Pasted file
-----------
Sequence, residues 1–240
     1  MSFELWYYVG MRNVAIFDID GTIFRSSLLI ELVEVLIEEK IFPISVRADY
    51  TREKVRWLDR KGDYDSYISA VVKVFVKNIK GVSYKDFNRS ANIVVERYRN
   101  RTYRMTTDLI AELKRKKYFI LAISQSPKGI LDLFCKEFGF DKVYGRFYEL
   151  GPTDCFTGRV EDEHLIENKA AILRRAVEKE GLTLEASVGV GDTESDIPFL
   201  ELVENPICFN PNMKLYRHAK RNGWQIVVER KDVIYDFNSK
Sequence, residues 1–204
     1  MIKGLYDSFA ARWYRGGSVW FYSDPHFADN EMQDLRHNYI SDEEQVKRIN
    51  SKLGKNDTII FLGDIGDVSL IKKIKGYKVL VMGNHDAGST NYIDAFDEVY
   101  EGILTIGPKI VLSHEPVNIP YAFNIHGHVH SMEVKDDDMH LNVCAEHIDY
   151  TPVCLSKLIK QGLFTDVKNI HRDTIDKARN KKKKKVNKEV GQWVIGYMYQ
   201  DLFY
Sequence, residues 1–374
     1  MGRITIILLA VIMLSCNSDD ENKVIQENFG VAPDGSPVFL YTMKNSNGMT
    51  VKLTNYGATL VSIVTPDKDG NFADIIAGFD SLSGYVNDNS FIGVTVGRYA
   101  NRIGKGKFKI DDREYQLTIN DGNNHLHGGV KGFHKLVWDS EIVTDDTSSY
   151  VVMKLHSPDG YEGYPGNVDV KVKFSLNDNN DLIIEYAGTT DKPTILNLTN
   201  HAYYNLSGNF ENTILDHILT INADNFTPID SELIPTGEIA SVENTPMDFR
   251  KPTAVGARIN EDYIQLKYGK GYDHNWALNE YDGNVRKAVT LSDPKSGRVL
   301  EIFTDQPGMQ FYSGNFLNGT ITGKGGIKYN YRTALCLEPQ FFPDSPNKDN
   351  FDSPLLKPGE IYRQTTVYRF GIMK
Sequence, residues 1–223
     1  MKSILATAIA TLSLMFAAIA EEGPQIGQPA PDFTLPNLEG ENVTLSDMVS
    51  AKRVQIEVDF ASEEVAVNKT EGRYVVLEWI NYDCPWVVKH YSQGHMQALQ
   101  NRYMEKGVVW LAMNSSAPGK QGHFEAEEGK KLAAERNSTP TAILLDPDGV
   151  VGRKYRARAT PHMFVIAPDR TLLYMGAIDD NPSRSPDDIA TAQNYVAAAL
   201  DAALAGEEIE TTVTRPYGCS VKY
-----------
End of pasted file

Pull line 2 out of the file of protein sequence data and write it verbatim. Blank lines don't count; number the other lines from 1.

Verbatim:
     1  MSFELWYYVG MRNVAIFDID GTIFRSSLLI ELVEVLIEEK IFPISVRADY